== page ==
Early this year, the Navy acquired two Fast Missile Vessels from Israel, the INS Komemiut (manufactured in 1980 and refurbished for the Navy in 2000) and INS Moledet (manufactured in 1979 and refurbished for the Navy in 2000). Both these vessels have the capability to carry Israeli made Gabriel Mark II missiles and have a variety of weapons systems on board. This week, the Navy took delivery of the Indian built INS Saryu, a Sukhanya class Offshore Patrol Vessel constructed in India in 1989, according to South Korean specifications. It has the capability to carry an Indian built Chetak helicopter and is equipped with Bofors 40 mm guns among a variety of others.
The Navy’s three prized acquisitions were commissioned yesterday at an elaborate ceremony at the Colombo Port by Vice Admiral Tissera. The two former Israeli vessels have been named SLNS Nandimitra and SLNS Suranimala whilst the Indian OPV has been named SLNS Sayura. Although President Kumaratunga was to be the chief guest, she asked Prime Minister Ratnasiri Wickremanayake, to deputise for her. She has also asked the Premier to stand in for her at a few public functions in the weeks ahead thus indicating that she would take more time to leave London.
Whilst her return to Sri Lanka is being awaited for a decision on who would hold the top slot in the Navy, a vicious propaganda war is under way evidently by rival factions. The Colombo based diplomatic community, Defence Ministry officials and the media are being flooded with anonymous notes containing scurrilous accounts of some top officers. The harsh language showed it is not the Tiger guerrillas but their own colleagues who were the bitterest enemy, at least for the moment.
There was also another group strongly supportive of Vice Admiral Tissera. Their accounts, briefed to sections of the media, not only sought to justify procurements but also the Navy’s achievements in every sphere.
It also sought to obviate a regular charge that surfaced during sessions of the National Security Council that the Tiger guerrillas being able to smuggle ship loads of weaponry via the north-east coast. It has been pointed out that the LTTE has been able to continue its stepped up high intensity military campaign only because of this factor. However, Vice Admiral Tissera, has repeatedly argued that stricter patrols off the north eastern waters had prevented this.
Last Tuesday, President Kumaratunga, was happy to hear Defence Secretary Chandrananda de Silva tell her on the telephone that the Army had evicted Tiger guerrillas from a chunk of territory south-east of the Jaffna peninsula and gained control of more than two kilometres of the A-9 (Jaffna-Kandy) highway.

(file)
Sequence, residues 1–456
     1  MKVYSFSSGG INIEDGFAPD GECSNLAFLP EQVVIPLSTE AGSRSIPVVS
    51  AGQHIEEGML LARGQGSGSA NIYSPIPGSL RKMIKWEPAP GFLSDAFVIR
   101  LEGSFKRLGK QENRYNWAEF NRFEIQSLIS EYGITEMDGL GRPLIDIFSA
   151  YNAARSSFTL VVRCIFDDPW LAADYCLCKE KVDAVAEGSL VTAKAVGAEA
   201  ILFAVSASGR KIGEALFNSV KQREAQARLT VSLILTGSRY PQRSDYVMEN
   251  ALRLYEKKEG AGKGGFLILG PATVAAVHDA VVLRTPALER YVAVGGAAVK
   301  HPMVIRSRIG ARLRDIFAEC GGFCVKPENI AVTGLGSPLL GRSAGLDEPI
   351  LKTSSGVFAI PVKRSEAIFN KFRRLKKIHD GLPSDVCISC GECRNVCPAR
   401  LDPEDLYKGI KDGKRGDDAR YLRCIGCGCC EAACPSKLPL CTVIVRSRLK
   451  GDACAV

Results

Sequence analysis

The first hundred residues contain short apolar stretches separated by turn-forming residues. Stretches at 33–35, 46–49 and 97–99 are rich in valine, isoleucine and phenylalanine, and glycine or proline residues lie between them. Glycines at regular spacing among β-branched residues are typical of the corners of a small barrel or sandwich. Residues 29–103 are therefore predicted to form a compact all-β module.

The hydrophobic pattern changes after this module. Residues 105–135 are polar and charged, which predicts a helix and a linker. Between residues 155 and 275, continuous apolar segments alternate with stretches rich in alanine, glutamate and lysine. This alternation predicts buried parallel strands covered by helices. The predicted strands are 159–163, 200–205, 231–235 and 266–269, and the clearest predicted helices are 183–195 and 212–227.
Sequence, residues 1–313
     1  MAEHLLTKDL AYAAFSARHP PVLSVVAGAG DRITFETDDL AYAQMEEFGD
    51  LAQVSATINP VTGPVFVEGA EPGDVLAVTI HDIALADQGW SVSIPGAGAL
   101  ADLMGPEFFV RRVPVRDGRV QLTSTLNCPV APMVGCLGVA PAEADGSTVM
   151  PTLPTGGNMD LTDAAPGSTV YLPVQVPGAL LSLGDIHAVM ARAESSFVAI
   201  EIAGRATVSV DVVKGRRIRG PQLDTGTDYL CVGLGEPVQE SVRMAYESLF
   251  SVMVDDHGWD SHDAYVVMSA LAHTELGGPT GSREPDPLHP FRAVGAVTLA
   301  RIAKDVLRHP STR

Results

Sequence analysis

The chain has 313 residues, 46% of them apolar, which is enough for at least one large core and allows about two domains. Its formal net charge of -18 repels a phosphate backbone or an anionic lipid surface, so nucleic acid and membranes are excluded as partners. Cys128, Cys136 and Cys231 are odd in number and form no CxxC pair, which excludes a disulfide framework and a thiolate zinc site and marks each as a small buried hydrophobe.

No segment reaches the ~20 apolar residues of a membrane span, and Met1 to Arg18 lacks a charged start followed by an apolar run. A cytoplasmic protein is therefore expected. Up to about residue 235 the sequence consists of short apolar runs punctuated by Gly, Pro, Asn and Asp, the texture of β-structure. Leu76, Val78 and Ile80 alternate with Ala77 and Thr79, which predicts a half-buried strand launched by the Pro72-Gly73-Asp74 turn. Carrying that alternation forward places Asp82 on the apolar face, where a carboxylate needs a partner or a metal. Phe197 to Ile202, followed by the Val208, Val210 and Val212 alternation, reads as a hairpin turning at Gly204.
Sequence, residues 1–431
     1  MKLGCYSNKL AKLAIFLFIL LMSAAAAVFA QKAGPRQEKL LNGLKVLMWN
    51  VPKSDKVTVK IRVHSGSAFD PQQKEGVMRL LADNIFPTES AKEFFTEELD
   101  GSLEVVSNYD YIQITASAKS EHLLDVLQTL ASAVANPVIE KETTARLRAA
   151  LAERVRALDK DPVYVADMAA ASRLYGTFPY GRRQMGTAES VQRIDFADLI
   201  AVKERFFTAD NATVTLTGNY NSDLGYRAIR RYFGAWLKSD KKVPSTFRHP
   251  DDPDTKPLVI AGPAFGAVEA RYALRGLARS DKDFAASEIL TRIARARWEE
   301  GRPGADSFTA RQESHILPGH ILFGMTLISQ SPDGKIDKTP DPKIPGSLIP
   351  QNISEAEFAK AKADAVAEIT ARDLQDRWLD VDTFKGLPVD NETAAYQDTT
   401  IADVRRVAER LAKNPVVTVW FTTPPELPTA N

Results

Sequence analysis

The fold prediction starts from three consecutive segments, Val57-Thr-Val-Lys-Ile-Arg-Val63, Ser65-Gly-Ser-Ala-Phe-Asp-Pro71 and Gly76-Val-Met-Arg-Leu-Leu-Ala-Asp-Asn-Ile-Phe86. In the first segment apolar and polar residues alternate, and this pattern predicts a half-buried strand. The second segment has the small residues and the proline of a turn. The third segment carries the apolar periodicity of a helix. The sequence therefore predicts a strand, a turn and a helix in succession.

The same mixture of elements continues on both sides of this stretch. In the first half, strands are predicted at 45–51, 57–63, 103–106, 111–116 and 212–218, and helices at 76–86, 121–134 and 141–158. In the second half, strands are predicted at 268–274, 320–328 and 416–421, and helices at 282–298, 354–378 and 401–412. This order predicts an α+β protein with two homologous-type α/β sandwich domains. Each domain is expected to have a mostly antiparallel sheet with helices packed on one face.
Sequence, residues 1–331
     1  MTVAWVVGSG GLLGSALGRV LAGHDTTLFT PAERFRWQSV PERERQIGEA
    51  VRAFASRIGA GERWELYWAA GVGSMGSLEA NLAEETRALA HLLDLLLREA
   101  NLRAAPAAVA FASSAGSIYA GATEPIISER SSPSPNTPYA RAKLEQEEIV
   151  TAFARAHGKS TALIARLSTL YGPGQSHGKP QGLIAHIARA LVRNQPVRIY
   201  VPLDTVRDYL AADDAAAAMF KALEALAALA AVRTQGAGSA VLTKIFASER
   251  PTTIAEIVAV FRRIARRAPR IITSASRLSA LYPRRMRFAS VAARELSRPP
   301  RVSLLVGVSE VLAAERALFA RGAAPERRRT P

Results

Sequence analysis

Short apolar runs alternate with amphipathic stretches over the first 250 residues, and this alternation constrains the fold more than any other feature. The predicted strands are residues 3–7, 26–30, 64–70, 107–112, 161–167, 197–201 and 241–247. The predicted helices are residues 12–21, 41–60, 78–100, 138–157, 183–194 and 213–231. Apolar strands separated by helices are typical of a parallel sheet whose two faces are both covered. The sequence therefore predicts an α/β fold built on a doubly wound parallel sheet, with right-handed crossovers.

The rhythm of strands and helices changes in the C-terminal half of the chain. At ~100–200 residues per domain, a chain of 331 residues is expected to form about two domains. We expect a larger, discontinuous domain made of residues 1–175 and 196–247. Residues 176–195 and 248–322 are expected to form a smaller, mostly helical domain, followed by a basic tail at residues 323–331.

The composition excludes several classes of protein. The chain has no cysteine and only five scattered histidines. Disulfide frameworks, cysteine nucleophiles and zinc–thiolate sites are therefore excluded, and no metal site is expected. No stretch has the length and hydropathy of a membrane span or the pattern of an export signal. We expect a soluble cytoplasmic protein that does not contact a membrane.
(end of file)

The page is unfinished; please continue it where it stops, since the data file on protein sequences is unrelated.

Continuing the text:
It came during stage two of “Operation Kinihira” four. Troops of the 531 Brigade led by Lt. Col. Jagath Alwis and 533 Brigade led by Lt. Col. Prasanna Wickremasuriya, extended their defence lines to encompass Nunavil east and areas south-west of Chavakachcheri.
A map on this page gives the previous defence lines and the fresh area captured.
Although troops broke out before the crack of dawn, they did not encounter the first Tiger guerrilla mortar attack until 10.20 am. That was little resistance barring mortar barrages and the troops had ended their offensive just after noon. But the consolidation phase became difficult since the area was booby trapped with improvised explosive devices. Twelve soldiers were killed in action and over 42 were wounded.
Army’s Director of Operations, Brigadier Nissanka Wijesinghe, told a briefing of Colombo based defence attaches of diplomatic missions last Wednesday that an extent of five square kilometres of territory was re-captured.
Planning for the fourth phase of Operation Kiniheera has been on the drawing boards of military planners for weeks. Chief of Defence Staff, General Rohan de S. Daluwatte, was on hand in Jaffna to direct the offensive with Major General Anton Wijendra, Security Forces Commander, Jaffna. Also there were the Army Commander, Lt. Gen. Lionel Balagalle and Air Force Commander, Air Marshal Jayalath Weerakkody, whose men carried out a string of effective sorties on Tiger guerrilla targets.
Just before emplaning for Jaffna to see the launch of the operation, Gen. Daluwatte is learnt to have invited Deputy Minister of Defence, Anuruddha Ratwatte, to join the entourage. He had, however, explained there were several tasks on his hand in view of Parliament sittings and promised to join the next time.
The significance of Operation Kinihira four is the fact that it was the first military offensive to be conducted since LTTE leader, Velupillai Prabhakan, during his annual “Heroes Day” speech called for “unconditional” peace talks with the Government. However, he insisted on what he called a process of de-escalation of war and the creation of a conducive climate of goodwill and normalcy in the Tamil homeland to facilitate such talks.
Since the offer of “unconditional” peace talks, the Norwegian facilitator, Erik Solheim, is continuing his efforts, both with the LTTE and the Government. A Colombo-London-Oslo dialogue continues. Foreign Minister Kadirgamar in Colombo, President Kumaratunga in London and Norwegian authorities have been busy responding to Norwegian initiatives, particularly after their contacts with the LTTE.
Soon after the peace offer by the LTTE leader, Tiger guerrillas have stepped up their military campaign.
This week saw a string of landmine explosions in Vavuniya and Batticaloa districts. Intelligence sources in Colombo speak of possible surprise attacks.
Despite the peace initiatives, as the phase four of Operation Kinihira showed, the military offensives will continue. For obvious reasons one cannot speak of future actions. But a lot of surprises are in store.